SN8’s test, however, is extremely challenging, to the point its conclusion with a successful landing would far exceed many’s wildest dreams.

Future Starships:

Proof that the expectations aren’t being dramatized can be seen just a short trip down Highway 4, where Starships SN9 is chomping at the bit, ready to take the sacrificial altar in the event of SN8 ending up in the Gulf of Mexico.

Starship SN9 will be hoping to improve on SN8’s performance, gaining a swath of data from her sister’s test flight, improving the chances of success. This will apply even if SN8 beats the odds and nails the landing. Such “improvements on success” were seen between SN5 and SN6’s 150-meter hops.

SN9 is currently is already at the stage of processing that SN8 enjoyed at the Production Site. However, this time the nosecone is expected to be mated in-situ. SN8’s nosecone mate took place at the launch site.

This may allow for a “cleaner” mate, away from the wide-open launch site’s wind and dust, although the motives may be related to the allowance of space. SN9 is, after all, currently housed in the High Bay – partially to clear space in the Mid Bay but also to provide additional clearance to complete the nosecone mate inside the taller facility.

The Mid Bay, ironically, is already fully occupied with follow-on Starships, with SN10 now in a stacked configuration and SN11 in the process of being stacked. This is yet another sign of SpaceX Boca Chica’s incredible production cadence.

In fact, there’s actually a line of additional Starships holding tickets waiting their turn to enter the Mid Bay. Starship SN12 has all four sections of its main tankage ready for stacking, while Mary (@bocachicagal’s) lens has now spotted parts up to SN15.

While Super Heavy has been in a relative state of pause lately, at least by SpaceX Boca Chica standards, new hardware deliveries continue to truck in by the day.

State of play graphic by Brendan (@brendan2908)

Thankfully, Brendan (@brendan2908) providing a running update via infographics based on what Mary spots – which also included the first sighting of hardware for the elusive SN13.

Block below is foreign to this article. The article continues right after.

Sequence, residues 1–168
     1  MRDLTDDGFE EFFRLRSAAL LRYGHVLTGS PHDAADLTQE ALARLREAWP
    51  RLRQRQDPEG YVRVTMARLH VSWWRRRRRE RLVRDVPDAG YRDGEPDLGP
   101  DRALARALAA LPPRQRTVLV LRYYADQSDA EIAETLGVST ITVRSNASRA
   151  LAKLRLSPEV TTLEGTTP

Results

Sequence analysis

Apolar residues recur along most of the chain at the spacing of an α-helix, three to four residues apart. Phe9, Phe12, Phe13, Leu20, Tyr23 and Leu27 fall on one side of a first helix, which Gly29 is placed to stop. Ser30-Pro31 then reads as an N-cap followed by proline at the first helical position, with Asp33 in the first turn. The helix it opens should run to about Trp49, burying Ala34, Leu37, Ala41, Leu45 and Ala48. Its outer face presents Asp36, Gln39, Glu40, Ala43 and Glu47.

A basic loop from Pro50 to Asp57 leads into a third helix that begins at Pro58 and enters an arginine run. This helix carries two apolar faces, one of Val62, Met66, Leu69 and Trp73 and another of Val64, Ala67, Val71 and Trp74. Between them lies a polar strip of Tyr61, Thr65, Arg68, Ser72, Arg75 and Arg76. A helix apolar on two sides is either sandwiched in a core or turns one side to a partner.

One of the most interesting items was the arrival of another new Raptor, this time SN44 – which is interesting for several reasons.

Firstly, this engine arrived not long after SN42 turned up in the “RaptorVan” – sporting a pumpkin on its nozzle as a potential friendly message from the McGregor workforce.

Then SN44 arrived – with two Merlin 1D hitchhikers as stablemates – with a Hand Turkey on its nozzle, again likely a Thanksgiving message sent to their fellow SpaceX Texans.

Secondly, this advance through the SN40 range of tested and proven Raptors does point to an increased engine production cadence. With McGregor hosting three test stands, it’s now likely that production and testing are moving through to the SN50 range.

This, in turn, bodes well for fast turnaround in the event of losing a Starship (and its three Raptors), through to the ability to fly numerous Starship prototype missions and cater for the first Super Heavy prototype flight – which will use two or four engines.

Work on the Orbital Launch Mount and associated facilities is ongoing in the shadow of Starship SN8’s preparations for flight.

The Orbital Launch Site – via Mary (@bocachicagal) for NSF.

It is becoming obvious that 2021 is lining up to be one of the most ambitious launch vehicle testing campaigns ever seen, with the production capacity to adhere to SpaceX’s “Test, Fly, Fail, Fix” mantra as the company pushes hard to create an operational, fully and rapidly reusable, interplanetary launch system.

Most photos via Mary (@bocachicagal)